The Jones Act is a law put into legislation in 1929 and it focuses on regulating issues pertaining to the shipment of goods and people on coastal waterways in the United States. This law also gives rights to seamen (sailors) to seek damages in the event they are injured while at sea or because of their employment on a navigable vessel.
If You’ve Been Injured, You’re Entitled to Benefits
In addition to governing criminal offenses and cargo issues that take place on “vessels,” one of the most important aspects of the Jones Act is that it lays out the seaman’s rights and protects seamen legally in a similar way to workers’ compensation laws.
When a seaman is injured, he or she has a right to file a claim and recover compensation, particularly if negligence was involved in the accident.
The threshold for negligence on a vessel is very low in comparison to other types of injury cases. It’s expected that a vessel be well maintained at all times, as the nature of work aboard a moving vessel is considered dangerous.
The following are some of the types of benefits an injured seaman can receive when a claim is approved:
- Payment of all related medical expenses and future medical costs
- Lost income and future lost income
- Compensation for the pain and suffering of the experience
Maintenance and Cure May Be Able to Help You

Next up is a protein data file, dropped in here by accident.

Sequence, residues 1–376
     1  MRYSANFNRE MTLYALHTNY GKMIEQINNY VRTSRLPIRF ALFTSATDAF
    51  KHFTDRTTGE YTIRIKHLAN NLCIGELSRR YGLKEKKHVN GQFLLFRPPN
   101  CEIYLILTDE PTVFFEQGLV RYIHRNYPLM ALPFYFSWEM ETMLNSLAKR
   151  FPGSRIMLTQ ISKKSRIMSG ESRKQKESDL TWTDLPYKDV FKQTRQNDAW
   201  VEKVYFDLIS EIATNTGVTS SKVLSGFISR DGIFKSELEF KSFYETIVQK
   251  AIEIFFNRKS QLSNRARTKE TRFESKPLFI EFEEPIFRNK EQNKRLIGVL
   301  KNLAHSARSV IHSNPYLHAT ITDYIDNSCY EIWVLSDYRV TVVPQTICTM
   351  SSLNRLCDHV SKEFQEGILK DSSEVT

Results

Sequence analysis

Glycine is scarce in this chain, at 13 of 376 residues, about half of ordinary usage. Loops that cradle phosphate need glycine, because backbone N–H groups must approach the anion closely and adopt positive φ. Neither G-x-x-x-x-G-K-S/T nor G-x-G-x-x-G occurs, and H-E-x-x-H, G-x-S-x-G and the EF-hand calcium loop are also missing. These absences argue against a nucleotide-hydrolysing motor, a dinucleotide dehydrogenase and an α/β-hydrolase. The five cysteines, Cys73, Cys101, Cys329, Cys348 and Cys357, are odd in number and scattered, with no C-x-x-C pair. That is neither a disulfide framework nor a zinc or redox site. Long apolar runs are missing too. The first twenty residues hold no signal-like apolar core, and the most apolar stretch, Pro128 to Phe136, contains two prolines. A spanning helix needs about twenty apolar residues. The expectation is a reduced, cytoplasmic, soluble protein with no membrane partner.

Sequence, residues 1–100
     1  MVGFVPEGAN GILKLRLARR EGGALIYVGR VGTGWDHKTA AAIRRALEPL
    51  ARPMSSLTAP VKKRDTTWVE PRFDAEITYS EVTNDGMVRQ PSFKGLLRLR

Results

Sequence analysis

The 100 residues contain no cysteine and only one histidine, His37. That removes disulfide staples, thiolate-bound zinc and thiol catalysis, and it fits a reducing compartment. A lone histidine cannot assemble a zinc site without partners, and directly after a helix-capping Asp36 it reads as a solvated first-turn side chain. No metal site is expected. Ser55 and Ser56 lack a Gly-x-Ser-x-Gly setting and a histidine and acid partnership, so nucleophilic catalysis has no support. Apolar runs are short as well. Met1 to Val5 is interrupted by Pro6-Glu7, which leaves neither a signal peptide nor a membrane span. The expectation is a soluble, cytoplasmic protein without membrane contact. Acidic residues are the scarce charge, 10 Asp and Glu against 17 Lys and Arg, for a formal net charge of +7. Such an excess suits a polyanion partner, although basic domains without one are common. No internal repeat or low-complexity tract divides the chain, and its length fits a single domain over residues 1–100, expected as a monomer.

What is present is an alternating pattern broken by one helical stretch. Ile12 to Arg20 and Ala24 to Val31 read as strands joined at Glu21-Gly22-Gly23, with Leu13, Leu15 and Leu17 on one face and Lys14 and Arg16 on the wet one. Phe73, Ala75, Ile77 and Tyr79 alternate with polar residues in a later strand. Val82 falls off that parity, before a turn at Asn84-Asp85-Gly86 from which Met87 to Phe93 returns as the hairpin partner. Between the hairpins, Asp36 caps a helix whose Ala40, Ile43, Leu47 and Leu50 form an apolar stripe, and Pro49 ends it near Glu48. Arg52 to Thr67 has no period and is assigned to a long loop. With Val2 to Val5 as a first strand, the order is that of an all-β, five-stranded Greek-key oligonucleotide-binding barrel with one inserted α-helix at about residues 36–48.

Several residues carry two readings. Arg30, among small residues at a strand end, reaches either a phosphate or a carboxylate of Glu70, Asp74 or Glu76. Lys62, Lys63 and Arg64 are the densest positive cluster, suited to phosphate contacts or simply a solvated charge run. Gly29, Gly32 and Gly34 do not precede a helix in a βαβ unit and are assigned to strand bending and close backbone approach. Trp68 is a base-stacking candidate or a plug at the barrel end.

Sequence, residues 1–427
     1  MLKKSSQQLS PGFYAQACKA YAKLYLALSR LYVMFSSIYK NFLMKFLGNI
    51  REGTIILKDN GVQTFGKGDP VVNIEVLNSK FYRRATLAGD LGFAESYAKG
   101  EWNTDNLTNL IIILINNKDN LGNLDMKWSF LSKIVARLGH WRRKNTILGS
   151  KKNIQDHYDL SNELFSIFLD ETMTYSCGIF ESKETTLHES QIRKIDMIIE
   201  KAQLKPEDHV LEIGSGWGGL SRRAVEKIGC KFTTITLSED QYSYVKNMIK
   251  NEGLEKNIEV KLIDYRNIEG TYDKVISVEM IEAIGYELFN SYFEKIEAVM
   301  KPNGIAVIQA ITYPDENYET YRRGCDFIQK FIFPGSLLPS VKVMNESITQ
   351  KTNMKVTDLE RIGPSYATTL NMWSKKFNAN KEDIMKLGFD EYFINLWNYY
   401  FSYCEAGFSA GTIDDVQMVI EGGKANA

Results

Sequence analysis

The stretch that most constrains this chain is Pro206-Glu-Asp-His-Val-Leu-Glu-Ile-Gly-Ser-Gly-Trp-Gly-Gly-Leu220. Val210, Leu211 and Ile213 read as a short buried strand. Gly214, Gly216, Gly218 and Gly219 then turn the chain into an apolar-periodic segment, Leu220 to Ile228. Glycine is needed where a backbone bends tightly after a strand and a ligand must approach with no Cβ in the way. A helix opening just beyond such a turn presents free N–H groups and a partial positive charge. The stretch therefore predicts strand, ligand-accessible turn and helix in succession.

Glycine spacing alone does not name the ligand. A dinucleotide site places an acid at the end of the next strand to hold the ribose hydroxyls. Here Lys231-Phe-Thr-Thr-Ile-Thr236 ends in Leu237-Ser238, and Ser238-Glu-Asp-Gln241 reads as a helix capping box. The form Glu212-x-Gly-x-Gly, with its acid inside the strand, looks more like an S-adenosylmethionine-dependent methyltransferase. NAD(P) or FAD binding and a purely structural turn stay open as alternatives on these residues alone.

Even if you can’t prove negligence under the Jones Act, you can still receive some benefits while you’re recovering from your work-related injuries as a seaman. This is due to maintenance and cure. Your employer is expected to provide you with enough monetary compensation to pay your living expenses and your medical bills.
If You Still Aren’t Sure What to Do after Being Hurt
When you’ve been hurt in an accident and you work aboard a vessel then you have rights under the Jones Act. If you believe that some negligence was involved in your accident then you probably can receive compensation for your injuries and suffering.
For example, if your injury was caused by some equipment that was left in the middle of the deck, causing you to fall and break your leg, then you should be able to prove that negligence was the cause. A few more examples of negligent accidents aboard a vessel are as follows:
- Grease spills on the deck
- Poorly maintained equipment
- Inadequate training of employees
- Failure to enforce safety procedures
If you believe you’re owed damages for your accident you may consider getting help from maritime injury attorneys Braud & Gallagher. Attorneys will be able to examine your case and help to determine if you are owed compensation for your experience and your injuries.